How to write a business plan nolo pdf

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How to write a business plan nolo pdf

Posted on October 5, 8 Comments A few years back I co-wrote an article about getting accurate numbers from your financial system for the California Association of Nonprofits that was based on a workshop I developed.

how to write a business plan nolo pdf

These next two blog posts will excerpt some of the material from that piece. For folks who would like the whole article you can click the above link. This first post will be on cost allocation, the second post will be on setting up a functional accounting system. Cost allocation should not be ignored as a cornerstone of your financial management and reporting.

It is critically important to all aspects of your organization: How you budget from year to year, how you make management decisions, how you appear to potential supporters and the amount you are reimbursed for services all depend on proper and consistent cost allocation.

Allocation can look tricky at first glance, and initially it can be difficult to set up a reliable, consistent and simple system. But once your system is in place, it should go rather smoothly and become a routine part of your accounting and financial reporting process.

Put some thought and planning into developing a method that works for you and that best reflects the reality of what happens in your organization from day to day. Cost allocation is a method for apportioning shared expenses or shared costs also called common costs, or directly allocable costs across functional areas.

Your allocation method is your way of deciding what percentage of that bill to apportion to each functional area. Cost allocation is important because, done accurately and consistently, it can provide a realistic picture of what different programs and other activities cost. It is also used in cost recovery for reimbursable expenses, directly impacting your bottom line and related fundraising decisions.

There are a number of cost allocation methods out there, and several of the most common are: Allocations are based on a percentage of the total actual time worked or the total payroll dollars charged by all employees in each functional area.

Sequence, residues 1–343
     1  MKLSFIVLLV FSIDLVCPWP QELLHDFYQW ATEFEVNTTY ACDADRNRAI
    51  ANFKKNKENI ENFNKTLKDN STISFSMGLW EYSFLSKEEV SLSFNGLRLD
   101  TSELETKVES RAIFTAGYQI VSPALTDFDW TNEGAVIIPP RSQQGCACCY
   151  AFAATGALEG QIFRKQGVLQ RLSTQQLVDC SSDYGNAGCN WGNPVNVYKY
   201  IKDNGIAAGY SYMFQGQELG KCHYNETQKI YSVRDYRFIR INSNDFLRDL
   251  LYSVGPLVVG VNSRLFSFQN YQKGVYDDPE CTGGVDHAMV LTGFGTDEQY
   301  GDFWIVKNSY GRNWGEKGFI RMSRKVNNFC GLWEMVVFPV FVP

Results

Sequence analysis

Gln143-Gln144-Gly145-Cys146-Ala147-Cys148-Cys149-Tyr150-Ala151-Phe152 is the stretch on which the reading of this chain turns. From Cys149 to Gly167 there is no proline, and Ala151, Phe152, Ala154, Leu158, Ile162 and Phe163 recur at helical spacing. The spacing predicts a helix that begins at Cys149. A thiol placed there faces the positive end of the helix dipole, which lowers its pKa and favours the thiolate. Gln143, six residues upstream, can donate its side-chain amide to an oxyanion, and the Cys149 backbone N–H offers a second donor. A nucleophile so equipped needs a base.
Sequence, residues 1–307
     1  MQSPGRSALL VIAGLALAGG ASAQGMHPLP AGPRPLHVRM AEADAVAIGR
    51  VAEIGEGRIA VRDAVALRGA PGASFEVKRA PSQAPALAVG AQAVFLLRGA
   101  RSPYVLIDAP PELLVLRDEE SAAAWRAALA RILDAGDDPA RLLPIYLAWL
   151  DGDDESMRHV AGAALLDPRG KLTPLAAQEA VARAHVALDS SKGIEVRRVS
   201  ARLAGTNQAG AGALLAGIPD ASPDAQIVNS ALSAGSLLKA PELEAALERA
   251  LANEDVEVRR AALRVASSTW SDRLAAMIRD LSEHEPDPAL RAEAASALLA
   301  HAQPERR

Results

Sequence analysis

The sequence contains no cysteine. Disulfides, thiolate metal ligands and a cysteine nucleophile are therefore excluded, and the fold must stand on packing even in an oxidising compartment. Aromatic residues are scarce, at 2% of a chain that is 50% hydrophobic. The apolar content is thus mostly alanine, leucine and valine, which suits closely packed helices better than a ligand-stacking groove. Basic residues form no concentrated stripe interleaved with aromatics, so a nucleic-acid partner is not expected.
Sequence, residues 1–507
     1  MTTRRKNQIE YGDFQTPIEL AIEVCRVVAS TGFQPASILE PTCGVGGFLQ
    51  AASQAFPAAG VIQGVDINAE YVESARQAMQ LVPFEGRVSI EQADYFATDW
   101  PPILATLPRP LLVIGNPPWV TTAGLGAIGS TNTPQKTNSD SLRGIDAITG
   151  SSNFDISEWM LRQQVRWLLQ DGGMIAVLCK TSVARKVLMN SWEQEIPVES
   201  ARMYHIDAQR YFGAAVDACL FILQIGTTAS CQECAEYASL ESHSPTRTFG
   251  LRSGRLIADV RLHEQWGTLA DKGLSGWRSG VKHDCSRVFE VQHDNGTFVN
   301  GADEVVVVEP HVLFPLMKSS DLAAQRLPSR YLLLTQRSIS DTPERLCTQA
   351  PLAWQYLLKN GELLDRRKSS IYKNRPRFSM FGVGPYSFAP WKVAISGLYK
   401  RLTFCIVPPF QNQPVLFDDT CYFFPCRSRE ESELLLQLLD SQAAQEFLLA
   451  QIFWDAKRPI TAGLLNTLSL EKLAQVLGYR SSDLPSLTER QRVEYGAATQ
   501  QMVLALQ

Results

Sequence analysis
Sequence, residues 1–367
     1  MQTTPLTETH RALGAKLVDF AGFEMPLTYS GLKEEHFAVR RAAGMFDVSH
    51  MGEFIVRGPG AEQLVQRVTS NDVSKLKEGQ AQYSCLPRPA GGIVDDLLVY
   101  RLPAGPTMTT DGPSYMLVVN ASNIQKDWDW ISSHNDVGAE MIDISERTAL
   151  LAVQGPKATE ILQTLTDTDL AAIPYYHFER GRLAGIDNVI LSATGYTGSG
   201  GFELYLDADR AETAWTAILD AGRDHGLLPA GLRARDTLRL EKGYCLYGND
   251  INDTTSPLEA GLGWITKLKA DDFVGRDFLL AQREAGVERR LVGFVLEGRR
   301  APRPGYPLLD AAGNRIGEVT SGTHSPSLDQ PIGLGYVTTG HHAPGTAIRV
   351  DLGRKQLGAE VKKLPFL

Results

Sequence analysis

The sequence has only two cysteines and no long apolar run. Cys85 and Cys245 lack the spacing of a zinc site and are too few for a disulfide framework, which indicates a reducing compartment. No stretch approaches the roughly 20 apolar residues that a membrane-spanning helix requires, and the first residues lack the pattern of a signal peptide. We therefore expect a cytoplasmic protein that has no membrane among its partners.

Cost-to-cost or direct cost. Allocations are based on the proportionate space occupied by each functional area in your office or worksite. For example, Program A occupies 10 percent of your office space, Program B occupies 20 percent, Program C 50 percent, Administration 5 percent and Fundraising 15 percent.

This method is useful for allocating rent, utilities and other occupancy-related costs. Your organization might require a method not included above, or more than one method of cost allocation, for example using payroll for personnel-related expenses and square footage for office-related expenses.

You might have to pick and choose which method or methods work best for your organization in terms of both your available time and the accuracy of the data produced.

Frequently Asked Questions

That said, if you have many different allocation methods, some consolidation might be in order. Whatever method s you decide to use, you should use it consistently, put it in writing, have it approved by the executive director and be able to back it up if questioned about it. It should also be honest and ethical — not a method you would regret being described in a front-page story in your local newspaper.

If you would like to learn about creating a cost allocation policy for your nonprofit please click on the image below.A business plan contains a description of your business, including details about how it will operate, a section on market research and marketing strategies, an evaluation of your main competitors, and several financial forecasts.

Create a business tax strategy that will save you time, energy and money.

how to write a business plan nolo pdf

Deduct business taxes with this all-in-one strategic guide. Get essential information on picking a business structure, facing the IRS -- . A must-read for small business owners and those who are self-employed.

Why You Need to Write a Business Plan |

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Cost Allocation | Not-For-Profit Accounting